OPEC+ decided to stick to a course agreed in October / © AFP/File
Major oil-producing countries led by Saudi Arabia and Russia agreed Sunday to maintain their current output levels in a climate of uncertainty and ahead of fresh sanctions against Moscow coming into force next week.
The representatives of the thirteen members of the Organization of the Petroleum Exporting Countries (OPEC) led by Riyadh, and their 10 allies headed by Moscow, decided to stick to their course agreed in October of a production cut of two million barrels per day until the end of 2023.
Sunday's widely anticipated move was no "big surprise" given that the economy has been "slowing somewhat, pushing oil prices below $90, despite the lower production levels," analyst Hans van Cleef with ABN AMRO said.
Collectively known as OPEC+, the alliance said Sunday that its October decision to cut output was "purely driven by market considerations", adding that it had been the "necessary and right course of action towards stabilizing global oil markets".
The OPEC+ output reduction in October represented the biggest cut since the height of the Covid pandemic in 2020, a move denounced by the United States as a concession to Moscow.
The next OPEC+ ministerial meeting is scheduled for June 4, 2023.
But the alliance said it was ready to "meet at any time and take immediate additional measures" to address market developments and support the oil market if necessary.
- Spotlight on Russia -
On Friday, the EU, G7 and Australia agreed a $60-per-barrel price cap on Russian oil, which will come into effect on Monday or soon after, alongside an EU embargo on maritime deliveries of Russian crude oil.
It will prevent seaborne shipments of Russian crude to the European Union, which account for two thirds of the bloc's oil imports from Russia, an attempt to deprive Moscow's war chest of billions of euros.
"We will sell oil and oil products to countries that will work with us on market terms, even if we have to reduce production somewhat," Russia's Deputy Prime Minister Alexander Novak said after Sunday's quick meeting via videoconference.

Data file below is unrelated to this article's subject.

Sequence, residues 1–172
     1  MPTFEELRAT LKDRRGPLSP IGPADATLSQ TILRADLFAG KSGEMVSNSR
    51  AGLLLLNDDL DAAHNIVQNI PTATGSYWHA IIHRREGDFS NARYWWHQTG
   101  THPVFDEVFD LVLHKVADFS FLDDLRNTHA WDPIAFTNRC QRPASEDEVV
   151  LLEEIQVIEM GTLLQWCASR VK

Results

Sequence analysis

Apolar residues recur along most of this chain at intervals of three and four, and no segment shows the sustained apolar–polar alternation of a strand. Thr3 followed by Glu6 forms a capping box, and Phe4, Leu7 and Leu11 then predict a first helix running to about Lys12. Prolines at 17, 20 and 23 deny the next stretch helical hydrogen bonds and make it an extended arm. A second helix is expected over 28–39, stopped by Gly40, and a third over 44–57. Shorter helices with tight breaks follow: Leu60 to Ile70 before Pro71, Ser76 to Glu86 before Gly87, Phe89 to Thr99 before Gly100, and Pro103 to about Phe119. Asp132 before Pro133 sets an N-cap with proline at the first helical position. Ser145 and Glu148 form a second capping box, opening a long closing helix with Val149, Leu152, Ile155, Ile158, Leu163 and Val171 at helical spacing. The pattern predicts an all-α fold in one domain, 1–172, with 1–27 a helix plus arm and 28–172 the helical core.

Even though "inflation, the tightening of monetary policies and China's Covid-19 epidemic" were posing risks to the market, it was still "in a better state than two months ago", Novak said, according to Russian news agencies.
"We are currently working on mechanisms to prohibit the use of the price cap tool at any level", Novak added, stating that "such interference" could only cause "further market destabilization and scarcity of energy resources".
Moscow had repeatedly denounced the incoming oil price cap, threatening to suspend deliveries to any country that adopted the measure.
But Ukraine suggested on Saturday that the cap should have been set even lower.
For OPEC+, the big unknown in the oil equation is how heavily sanctions will hit Russian supply.
"Uncertainty on the impact on Russian oil production coming from the EU ban... and the G7 price cap and some easing of mobility restrictions in China likely supported the decision for a rollover," UBS analyst Giovanni Staunovo said.
"The upside risks for oil prices from this point on will increase" due to the announced EU and G7 measures in combination with supply and demand expected to remain unchanged, Van Cleef said.
- An 'uncomfortable position' -
Moscow's threat to suspend deliveries to countries abiding by the price cap will put "some in a very uncomfortable position", said OANDA analyst Craig Erlam, "choosing between losing access to cheap Russian crude or facing G7 sanctions".
Amid economic gloom fuelled by soaring inflation and fears of China's weaker energy demand due to its Covid-related restrictions, the two global crude benchmarks remained close to their lowest level of the year, far from their March peaks.
Since the group's last meeting in early October, Brent North Sea oil and its US equivalent WTI have lost more than six percent of their value.
Moving forward, OPEC+ might still feel compelled to adopt "a more aggressive stance" by cutting or threatening to cut production, UniCredit analyst Edoardo Campanella said.
"Russia might also retaliate by leveraging its influence within OPEC+ to push for more production cuts down the road, thus exacerbating the global energy crisis," he added.